I hate that I laughed at this
“Like a good neighbor, State Farm is there,” and another one appears. And dodges the downward sweep of claws, darting to the side, bouncing off the pentagram’s barriers, and tripping over the demon’s tail. “In the Vatican!” she cries out as she moves, using the State Farm Agent summoning charm to modify the situation as she was taught, and mentally thanking her trainer for expecting her to be fast enough to do it on the first incantation.
Most State Farm agents, when they run into trouble, have to get the customer to do the jingle a second time. That guy with the buffalo was lucky.
The magic takes hold, and she materializes in the aisle of St. Peter’s Basilica, still holding the demon by the tail, in the middle of Sunday morning Mass. The music clatters unprofessionally to a halt as laypeople, deacons, priests, monks, nuns, and the Pope all turn their attention to the surprised demon whose fifth course of dinner has turned, unaccountably, into a visit to one of his least favorite places on Earth.
There is chanting in Latin, and vaguely cross-shaped gestures, and clouds of incense, and the demon vanishes in a puff of smoke, whether from the efforts of the clergy or of his own volition no one can say. The Agent doesn’t wait, fleeing towards the doors and escaping in the confusion.
She gains the exit and walks, purposefully, toward Rome proper; there, she ducks into the nearest alley. A burner cell phone comes out of one of the less-used pockets of her purse, and she dials a number from memory.
“Allstate,” says a smooth masculine voice after three rings.
“State Farm,” she answers. “I’m calling in a favor.”
“Yeah?” Interest. “What sort?”
As she talks she’s pulling out her smartphone, keying an app that was activated by the summoning, and pulling up the policyholder data that enabled the incantation to work.
“Insurance fraud,” she said, and can almost hear teeth sharpening on the other end of the line. She gives him the name, the address, the policy number. “Someone needs some mayhem.”
“That’s my name,” the man says.
She smiles. “Someone needs all the mayhem.”
He chuckles. Slow. Evil. Even with the echoes of demonic laughter ringing in her ears, she’s impressed. “Don’t worry,” he says, almost purring.
“You’re in good hands.”
OH MY FUCKING GOD I just read insurance commercial fan fiction and it was so good, bless you, I’m going to remember this day forever.
IT COMES BACK TO ME! *preens*
It’s not too long later—State Farm will occasionally loan out their teleportation trick, though Heaven help anyone who tries to use it to compete with them—and the man they call Mayhem is squatting next to a demonic circle with tacky half-dried blood under the leather soles of his shoes. Whoever dispelled the circle didn’t do a good job of it; the ring is still faintly smoldering and Mayhem has already singed his fingers on the air above it. He’s in the basement of a house with a State Farm homeowner’s policy, waiting for his partner in, erm, crime, to show up.
“Oh, good heavens.” He smiles at the sound of someone hopping delicately back, then carefully tiptoeing through the mess. Demons are messy eaters, and Flo’s wearing all white.
She steps gingerly over what might be most of a femur, looks from circle to Mayhem to—is that half a skull on the floor? “Freaky. Whaddaya need?”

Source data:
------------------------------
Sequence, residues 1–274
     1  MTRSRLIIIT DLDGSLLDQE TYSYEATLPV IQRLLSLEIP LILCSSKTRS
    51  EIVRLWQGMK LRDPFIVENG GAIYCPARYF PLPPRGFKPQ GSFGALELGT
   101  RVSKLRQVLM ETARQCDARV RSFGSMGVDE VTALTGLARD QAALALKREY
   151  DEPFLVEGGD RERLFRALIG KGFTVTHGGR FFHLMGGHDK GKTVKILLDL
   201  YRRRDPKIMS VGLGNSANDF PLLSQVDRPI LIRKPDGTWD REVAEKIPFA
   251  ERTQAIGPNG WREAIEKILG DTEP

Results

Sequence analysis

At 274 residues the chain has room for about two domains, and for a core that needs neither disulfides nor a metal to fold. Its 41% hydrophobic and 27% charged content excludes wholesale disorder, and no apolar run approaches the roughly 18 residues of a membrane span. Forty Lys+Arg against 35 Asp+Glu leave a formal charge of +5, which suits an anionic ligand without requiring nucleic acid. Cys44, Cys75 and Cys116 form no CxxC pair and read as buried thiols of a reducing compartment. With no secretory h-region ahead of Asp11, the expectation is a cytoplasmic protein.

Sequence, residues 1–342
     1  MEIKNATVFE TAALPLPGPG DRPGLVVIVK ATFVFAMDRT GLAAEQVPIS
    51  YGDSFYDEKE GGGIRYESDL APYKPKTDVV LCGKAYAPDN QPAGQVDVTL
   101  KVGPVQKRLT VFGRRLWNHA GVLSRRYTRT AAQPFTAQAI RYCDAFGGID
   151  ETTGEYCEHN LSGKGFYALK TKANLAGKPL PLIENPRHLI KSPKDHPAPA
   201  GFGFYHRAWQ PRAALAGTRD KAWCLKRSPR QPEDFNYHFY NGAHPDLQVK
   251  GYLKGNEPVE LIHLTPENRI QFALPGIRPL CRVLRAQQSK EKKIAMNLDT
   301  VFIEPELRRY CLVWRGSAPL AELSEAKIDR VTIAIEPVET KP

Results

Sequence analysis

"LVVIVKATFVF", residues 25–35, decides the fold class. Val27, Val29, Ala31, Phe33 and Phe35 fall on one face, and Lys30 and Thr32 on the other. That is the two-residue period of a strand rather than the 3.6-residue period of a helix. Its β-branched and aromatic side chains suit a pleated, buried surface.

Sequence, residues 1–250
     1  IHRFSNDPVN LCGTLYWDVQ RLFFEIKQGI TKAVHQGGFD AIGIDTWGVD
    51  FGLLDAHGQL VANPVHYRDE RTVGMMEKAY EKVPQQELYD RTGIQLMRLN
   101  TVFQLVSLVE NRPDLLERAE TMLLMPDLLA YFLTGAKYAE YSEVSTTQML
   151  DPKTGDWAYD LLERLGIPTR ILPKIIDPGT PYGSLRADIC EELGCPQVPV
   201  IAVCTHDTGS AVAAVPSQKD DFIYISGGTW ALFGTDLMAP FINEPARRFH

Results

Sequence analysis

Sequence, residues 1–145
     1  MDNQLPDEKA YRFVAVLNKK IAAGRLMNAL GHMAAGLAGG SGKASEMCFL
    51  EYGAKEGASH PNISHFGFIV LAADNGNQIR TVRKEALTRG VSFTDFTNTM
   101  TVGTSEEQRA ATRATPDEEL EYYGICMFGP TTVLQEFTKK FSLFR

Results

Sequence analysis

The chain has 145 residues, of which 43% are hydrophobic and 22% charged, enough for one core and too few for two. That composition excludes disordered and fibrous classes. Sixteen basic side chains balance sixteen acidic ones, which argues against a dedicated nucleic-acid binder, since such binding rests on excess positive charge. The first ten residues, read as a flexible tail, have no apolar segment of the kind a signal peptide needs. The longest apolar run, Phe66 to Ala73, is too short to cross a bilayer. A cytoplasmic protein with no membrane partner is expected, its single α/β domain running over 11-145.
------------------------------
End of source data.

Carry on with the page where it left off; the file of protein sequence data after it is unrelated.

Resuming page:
“Tech,” he says. “State Farm knows the homeowner summoned them, but the Agent reported at least five people present. Maybe six. She isn’t sure, what with being busy evading a demon inside a very small space with zappy walls.”
Flo’s already got a—where does she get those from anyway? a cardboard box in her hands. Mayhem watches as she unfolds it, refolds it, and ends up with something significantly bigger, shaped like a satellite dish. He tries to watch how she does it; they may be working together, but they’re still rivals and his own higher-ups will be very interested in the latest whatever-it-does that Progressive has come up with.
A blue glow lights up the concave side. Mayhem is pretty sure cardboard doesn’t work that way. Flo makes a pleased sound, and starts rattling off names, addresses, policy numbers.
Impressed, Mayhem asks, “How the fuck?” If Progressive is developing some sort of superspy technology, well, that’s kind of ominous.
Flo grins and looks embarrassed. “I, ah, have occasional dealings with a couple guys from That Other Insurance Company. One of them knows someone who knows someone who works in quality control for the Infernal Realms, and it turns out Hell monitors all their summoned manifestations for safety purposes. His contact got me the list of who was there.”
Mayhem nods. He’s had occasional encounters That Other Insurance Company himself. Bland, grey-suited, timid men who are even worse spies than they are insurance agents. “Wait, Hell has a quality control department?”
“And all other forms of administration,” Flo says. “I understand it’s to generate maximum paperwork. It is a place of punishment, after all.”
Mayhem actually winces. “That’s definitely hellish. All right. The Agent who called me in is flying back from Italy and should meet us in a few hours. Should give us plenty of time to plan an attack. Are they all State Farm customers?”
“Just the one,” Flo replies, folding her toy up, and Mayhem watches with vague envy as it becomes a giant sword. “One Allstate, one Progressive, one Geico, two Farmers. We gonna invite anyone else to the party?” She hopes so. Mayhem’s precision strikes on any sort of insurance fraud perpetrators are the stuff of legend, and the Farmers guys would bring in enough absurdity to make it a work of art.
Mayhem’s grin is something that ought to haunt her nightmares. Instead, she finds herself matching it. “Yes,” he says. “Let’s.”